Velocity

Terminology

Velocity is the rate of change of position. Considering constant velocities there is:

[2.1a]
or:
[2.1b]
or:
[2.1c]

Where is:
s - distance, t - time, v - velocity
Figure 1:

Distance vs. time plot

If an object moves with constant velocity, the resulting plot is a straight line. The slope of the line represents the speed.
Velocity is a vector physical quantity. The scalar absolute value (magnitude) of velocity is speed. Velocities are always given in relation to a fixed point or another object. Speeds of cars are given in relation to the earth's surface. If you would be inside a spaceship besides our planet, you could see the earth spinning around and you would add the track speed of the earth's surface to express the speed of the car. Those track speed varies from pole (0m/s) to equator (465m/s). Next you could realize that the earth is moving around the sun with a speed of 29,800m/s and that the sun is moving with a speed of 220,00m/s around the center of our galaxy and that our galaxy is moving in relation to other galaxies....
Nobody has found an absolute fixed point, velocities could refer to (yet). That is no problem for this project. For our needs it is sufficient to adopt the ground beneath our feet as reference point.

In practice

You can find some objects listed with their characteristic speed at the table below:

 Object v in m/s Remark Snail's pace 0,0008 Pedestrian 1,4 100m runner 10,44 Wold record of Usain Bolt in 9,58s at world championship in Berlin 2009 Carrier pigeon 13 - 27 They are slower the more they have to carry... Truck 22 Speed limit for trucks with a weight of more than 2,8t in Germany. As a driver of compact cars I am wondering if the truckers know about that?!?! Fiat 126 29 Maximum speed of a car with a 2-cylinder 17kW combustion engine. Cheetah 30 Fastest creature on earth (without technical support). Thrust SSC 341 Super Sonic Car: Fastest car with jet propulsion, equipped with two Rolls-Royce Spey turbines and afterburner. Remark of the author: "Wastage of energy!!!"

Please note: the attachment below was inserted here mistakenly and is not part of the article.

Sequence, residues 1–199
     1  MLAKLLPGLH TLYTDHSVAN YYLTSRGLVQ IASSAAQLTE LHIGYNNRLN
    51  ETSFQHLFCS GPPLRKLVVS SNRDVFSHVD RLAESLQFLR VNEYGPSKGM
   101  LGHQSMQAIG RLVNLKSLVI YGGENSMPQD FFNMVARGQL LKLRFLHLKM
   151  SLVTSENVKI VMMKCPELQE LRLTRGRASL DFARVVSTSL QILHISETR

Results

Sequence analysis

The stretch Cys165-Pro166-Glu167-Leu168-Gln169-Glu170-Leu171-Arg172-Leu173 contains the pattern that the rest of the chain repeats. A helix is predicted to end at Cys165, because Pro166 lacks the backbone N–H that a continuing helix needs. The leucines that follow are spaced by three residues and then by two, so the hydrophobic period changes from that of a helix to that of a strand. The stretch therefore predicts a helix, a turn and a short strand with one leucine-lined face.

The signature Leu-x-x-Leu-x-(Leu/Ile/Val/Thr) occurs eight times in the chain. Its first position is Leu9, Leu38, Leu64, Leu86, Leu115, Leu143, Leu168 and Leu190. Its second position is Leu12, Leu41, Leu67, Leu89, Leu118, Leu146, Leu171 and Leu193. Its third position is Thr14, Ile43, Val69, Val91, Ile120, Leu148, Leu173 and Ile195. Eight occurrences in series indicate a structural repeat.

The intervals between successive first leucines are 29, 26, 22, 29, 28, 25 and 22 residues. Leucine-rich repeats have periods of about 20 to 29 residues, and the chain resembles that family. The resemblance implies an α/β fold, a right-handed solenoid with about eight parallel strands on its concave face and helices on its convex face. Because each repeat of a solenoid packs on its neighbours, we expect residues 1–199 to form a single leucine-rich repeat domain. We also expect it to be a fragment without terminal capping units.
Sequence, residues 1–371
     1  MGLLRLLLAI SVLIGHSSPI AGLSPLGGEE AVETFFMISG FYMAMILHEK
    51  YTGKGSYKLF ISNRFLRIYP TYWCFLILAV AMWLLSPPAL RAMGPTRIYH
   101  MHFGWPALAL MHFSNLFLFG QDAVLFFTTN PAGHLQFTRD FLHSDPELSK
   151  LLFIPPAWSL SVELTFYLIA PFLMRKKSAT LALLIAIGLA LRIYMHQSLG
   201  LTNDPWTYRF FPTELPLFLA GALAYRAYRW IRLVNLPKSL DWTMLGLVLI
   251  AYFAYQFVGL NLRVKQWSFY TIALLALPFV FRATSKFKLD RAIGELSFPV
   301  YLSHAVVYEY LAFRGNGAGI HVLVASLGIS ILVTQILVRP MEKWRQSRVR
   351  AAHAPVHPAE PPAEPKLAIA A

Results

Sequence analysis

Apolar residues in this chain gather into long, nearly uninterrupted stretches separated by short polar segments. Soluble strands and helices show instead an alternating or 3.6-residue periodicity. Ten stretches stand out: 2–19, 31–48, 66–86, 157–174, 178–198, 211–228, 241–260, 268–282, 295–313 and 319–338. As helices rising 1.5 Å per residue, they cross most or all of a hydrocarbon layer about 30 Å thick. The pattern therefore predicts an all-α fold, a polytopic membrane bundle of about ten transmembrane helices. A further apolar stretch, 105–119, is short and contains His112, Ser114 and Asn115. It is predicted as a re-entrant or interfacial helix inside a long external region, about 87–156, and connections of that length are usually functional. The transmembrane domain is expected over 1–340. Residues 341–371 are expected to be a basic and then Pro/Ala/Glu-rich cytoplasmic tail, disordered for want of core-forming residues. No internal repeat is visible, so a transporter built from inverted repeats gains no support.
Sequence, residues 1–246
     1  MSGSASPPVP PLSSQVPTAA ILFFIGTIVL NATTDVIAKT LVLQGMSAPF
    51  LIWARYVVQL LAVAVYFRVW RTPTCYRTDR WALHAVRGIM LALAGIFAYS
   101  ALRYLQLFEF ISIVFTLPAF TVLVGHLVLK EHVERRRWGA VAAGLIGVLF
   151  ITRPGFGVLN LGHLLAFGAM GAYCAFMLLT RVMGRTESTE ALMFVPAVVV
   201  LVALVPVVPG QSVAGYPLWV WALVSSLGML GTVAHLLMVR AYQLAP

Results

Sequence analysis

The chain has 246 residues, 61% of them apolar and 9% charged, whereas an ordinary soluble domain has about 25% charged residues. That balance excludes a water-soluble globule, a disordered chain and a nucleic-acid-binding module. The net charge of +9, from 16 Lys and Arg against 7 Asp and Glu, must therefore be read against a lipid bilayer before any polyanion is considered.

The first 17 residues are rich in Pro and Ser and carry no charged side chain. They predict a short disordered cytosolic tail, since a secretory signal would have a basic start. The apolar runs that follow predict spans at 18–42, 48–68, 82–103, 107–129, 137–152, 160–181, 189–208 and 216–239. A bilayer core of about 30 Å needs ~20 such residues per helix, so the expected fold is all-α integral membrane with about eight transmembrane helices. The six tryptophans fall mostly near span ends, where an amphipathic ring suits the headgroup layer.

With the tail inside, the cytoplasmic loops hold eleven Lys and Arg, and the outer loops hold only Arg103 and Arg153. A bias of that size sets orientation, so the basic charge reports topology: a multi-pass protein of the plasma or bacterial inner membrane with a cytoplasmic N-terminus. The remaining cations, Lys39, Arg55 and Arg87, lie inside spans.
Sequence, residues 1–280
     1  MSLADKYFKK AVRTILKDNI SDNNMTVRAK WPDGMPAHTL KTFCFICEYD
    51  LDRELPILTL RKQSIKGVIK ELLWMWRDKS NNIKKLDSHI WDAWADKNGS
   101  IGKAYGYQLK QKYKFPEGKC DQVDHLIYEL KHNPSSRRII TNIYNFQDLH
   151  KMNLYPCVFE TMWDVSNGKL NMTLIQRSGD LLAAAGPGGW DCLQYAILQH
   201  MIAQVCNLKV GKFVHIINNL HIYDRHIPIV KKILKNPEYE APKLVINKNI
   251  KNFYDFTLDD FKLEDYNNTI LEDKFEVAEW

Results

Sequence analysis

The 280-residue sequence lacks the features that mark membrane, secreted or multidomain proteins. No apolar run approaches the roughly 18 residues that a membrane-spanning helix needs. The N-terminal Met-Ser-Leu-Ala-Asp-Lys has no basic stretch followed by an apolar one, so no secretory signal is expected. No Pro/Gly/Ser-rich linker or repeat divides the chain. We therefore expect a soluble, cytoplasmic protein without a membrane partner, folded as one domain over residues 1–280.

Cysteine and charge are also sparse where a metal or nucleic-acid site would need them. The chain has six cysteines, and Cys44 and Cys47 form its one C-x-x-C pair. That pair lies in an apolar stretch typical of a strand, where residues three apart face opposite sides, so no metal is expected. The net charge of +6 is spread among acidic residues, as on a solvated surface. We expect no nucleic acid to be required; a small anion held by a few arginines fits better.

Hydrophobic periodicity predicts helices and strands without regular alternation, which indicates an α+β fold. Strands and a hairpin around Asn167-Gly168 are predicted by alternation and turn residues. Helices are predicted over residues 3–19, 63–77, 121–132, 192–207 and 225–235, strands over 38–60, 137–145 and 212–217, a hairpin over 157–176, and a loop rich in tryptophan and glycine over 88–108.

At the next page you will find a Java-application showing the correlations between speed, covered distance and used time; both in a plot and as a 2D simulation.
Play around with different values and see how the objects move in relation to each other. Fixed on the earth's surface are the guideposts at a distance of 50m between two of them. The observing camera is moving with the same speed as the vehicle does. To give you the impression of movement, the tires of the car are jumping while it is moving. If the car is passing the pedestrian, it looks like he is doing the "Moonwalk", sliding "backwards" contrary to the direction of travel. As told at the top of this page: "speeds are relative!"